Larry Greenhill  |  Jan 04, 2015  |  1 comments
As an audiophile, I've come to associate the size, weight, and price of a subwoofer as quick'n'dirty indicators of its quality. The subwoofers that have worked best in my large listening room—the Velodyne ULD-18 and DD-18+, Muse Model 18, REL Studio III, JL Audio Fathom f113, and Revel Sub30—each weigh more than 130 lbs and cost more than $2500. With some of my reference recordings, all of them have achieved what Robert Harley described in the April 1991 issue of Stereophile as the goals of a quality subwoofer: "seamless integration, quickness, no bloat, and unbelievable bass extension." Yet are back-busting weight, unmanageable size, and nosebleed cost essential to achieving those goals?
Larry Greenhill  |  Nov 30, 2017  |  10 comments
This review began when I ran into Gary Yacoubian, president of SVS, in a crowded hallway at Las Vegas's Venetian Hotel, during the 2016 Consumer Electronics Show. He smiled and introduced himself. "Larry, I enjoyed your review of our SB13-Ultra. If you liked that subwoofer, we have something coming soon that should really interest you. I can't say anything more now."
Larry Greenhill  |  Feb 02, 2016  |  1 comments
Ten years ago, our family was joined by my son-in-law, who was raised in Dublin, and spent his university years in London. I was editing this review during a recent visit with our daughter and grandchildren, and Justin became interested in the fact that I was reviewing a subwoofer made by Tannoy. He reminded me that, in the UK and Ireland, Tannoy had long been a generic term for public-address systems, just as Hoover had come to describe any vacuum cleaner, regardless of manufacturer. Although Justin admitted that this usage was probably "old school," he teased me that I was reviewing a PA speaker for an audiophile magazine!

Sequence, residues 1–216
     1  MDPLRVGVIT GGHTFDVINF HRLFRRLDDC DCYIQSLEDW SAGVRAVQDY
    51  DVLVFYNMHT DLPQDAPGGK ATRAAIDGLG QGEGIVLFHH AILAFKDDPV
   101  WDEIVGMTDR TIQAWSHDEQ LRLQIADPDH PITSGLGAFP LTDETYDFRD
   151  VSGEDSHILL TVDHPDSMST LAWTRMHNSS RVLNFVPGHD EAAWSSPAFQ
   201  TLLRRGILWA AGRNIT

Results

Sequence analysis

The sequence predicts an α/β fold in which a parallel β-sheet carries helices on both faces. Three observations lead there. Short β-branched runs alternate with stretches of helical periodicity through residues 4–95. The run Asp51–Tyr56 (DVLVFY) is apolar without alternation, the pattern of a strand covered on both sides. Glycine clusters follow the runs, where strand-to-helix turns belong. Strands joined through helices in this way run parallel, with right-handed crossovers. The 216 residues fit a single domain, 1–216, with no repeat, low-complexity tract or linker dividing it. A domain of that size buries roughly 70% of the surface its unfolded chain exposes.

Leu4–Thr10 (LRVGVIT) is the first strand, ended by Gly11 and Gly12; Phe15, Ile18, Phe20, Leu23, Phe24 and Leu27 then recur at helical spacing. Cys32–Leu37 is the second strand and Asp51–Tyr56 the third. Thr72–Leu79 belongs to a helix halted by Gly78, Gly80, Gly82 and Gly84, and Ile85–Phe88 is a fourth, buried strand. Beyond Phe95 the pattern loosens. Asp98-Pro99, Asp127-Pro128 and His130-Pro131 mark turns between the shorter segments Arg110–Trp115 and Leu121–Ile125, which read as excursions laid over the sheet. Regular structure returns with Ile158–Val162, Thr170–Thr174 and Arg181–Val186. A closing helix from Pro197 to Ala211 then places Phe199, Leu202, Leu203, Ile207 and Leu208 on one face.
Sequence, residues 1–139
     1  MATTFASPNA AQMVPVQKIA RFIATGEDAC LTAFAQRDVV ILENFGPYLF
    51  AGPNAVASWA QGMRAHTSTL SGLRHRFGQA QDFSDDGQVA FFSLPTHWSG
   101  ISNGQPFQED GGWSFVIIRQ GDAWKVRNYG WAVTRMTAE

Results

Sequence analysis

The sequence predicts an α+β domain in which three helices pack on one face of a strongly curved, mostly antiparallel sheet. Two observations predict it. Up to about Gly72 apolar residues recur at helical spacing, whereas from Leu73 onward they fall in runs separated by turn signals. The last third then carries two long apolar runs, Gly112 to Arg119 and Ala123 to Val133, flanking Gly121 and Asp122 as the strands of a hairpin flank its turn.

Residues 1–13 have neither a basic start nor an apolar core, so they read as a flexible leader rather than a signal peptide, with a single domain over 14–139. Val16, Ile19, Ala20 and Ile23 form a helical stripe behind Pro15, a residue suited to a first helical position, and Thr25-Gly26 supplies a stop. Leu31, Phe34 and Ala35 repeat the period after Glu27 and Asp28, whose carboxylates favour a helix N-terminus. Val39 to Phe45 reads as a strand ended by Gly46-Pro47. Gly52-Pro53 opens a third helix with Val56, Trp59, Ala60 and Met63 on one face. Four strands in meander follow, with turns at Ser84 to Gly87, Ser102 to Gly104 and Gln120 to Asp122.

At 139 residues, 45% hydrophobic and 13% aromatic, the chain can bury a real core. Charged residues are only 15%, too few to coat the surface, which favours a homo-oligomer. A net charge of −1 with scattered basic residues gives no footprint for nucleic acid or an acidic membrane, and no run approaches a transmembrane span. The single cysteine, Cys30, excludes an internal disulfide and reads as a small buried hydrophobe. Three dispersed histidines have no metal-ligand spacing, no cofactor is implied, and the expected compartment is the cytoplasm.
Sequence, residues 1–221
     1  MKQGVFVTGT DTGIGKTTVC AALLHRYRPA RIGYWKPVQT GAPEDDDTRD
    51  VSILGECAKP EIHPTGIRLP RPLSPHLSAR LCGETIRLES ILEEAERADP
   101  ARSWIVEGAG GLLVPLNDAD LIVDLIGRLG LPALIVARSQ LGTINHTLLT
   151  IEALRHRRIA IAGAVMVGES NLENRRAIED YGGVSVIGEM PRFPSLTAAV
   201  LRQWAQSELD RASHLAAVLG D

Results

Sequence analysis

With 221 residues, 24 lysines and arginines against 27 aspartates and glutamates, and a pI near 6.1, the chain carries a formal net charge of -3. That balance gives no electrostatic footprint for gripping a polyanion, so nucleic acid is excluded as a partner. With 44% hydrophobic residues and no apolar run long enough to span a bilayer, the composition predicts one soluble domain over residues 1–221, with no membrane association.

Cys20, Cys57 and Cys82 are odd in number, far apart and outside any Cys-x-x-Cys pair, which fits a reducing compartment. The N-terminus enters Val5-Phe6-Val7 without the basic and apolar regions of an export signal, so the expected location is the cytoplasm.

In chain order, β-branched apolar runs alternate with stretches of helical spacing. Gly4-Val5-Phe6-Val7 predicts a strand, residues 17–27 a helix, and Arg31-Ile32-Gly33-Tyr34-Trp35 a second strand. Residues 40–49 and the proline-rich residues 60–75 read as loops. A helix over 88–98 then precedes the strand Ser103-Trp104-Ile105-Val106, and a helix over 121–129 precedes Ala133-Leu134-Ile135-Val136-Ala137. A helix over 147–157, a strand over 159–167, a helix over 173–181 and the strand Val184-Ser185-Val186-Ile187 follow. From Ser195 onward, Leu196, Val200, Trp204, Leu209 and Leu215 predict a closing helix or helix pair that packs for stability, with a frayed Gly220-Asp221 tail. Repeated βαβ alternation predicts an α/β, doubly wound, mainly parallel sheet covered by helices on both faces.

Stephen Mejias  |  Apr 03, 2013  |  5 comments
In March 2008, when I bought my PSB Alpha B1 loudspeakers, I decided that I should also buy PSB's matching SubSeries 1 subwoofer (footnote 1). It seems odd to me now that I would have considered the $449 subwoofer a necessary complement to speakers that sold for $279/pair. What was I thinking? Was I rolling in money? Certainly not. Was I merely young and fancy free? Yes and no. Was I sex-starved? Quite possibly.
Dick Olsher  |  Oct 29, 2008  |  First Published: Jan 29, 1989  |  0 comments